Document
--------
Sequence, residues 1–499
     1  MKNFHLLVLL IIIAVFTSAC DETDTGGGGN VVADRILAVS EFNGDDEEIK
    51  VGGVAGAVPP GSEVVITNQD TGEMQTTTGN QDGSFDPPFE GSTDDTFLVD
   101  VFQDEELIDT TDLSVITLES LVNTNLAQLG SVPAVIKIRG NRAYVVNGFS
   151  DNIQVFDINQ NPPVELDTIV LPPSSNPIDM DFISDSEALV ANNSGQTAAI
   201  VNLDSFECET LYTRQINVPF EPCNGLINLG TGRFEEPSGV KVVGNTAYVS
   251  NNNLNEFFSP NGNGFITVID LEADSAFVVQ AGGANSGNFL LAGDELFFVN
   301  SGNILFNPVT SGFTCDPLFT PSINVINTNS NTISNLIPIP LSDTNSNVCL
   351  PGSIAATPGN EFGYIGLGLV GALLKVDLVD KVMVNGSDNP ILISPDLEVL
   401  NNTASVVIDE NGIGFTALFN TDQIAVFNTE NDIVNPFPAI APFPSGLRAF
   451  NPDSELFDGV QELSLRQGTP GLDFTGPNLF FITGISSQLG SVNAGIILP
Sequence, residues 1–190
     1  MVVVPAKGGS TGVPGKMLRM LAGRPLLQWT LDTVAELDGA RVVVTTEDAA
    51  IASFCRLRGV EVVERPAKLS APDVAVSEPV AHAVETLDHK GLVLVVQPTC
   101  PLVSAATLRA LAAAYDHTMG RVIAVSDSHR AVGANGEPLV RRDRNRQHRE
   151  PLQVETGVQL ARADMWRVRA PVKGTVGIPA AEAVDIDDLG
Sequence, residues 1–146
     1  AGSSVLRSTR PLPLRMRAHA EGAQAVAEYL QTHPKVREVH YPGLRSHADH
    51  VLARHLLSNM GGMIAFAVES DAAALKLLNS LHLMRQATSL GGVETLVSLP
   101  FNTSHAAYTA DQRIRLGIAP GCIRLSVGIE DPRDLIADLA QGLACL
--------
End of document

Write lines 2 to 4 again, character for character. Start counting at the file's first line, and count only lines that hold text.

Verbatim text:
     1  MKNFHLLVLL IIIAVFTSAC DETDTGGGGN VVADRILAVS EFNGDDEEIK
    51  VGGVAGAVPP GSEVVITNQD TGEMQTTTGN QDGSFDPPFE GSTDDTFLVD
   101  VFQDEELIDT TDLSVITLES LVNTNLAQLG SVPAVIKIRG NRAYVVNGFS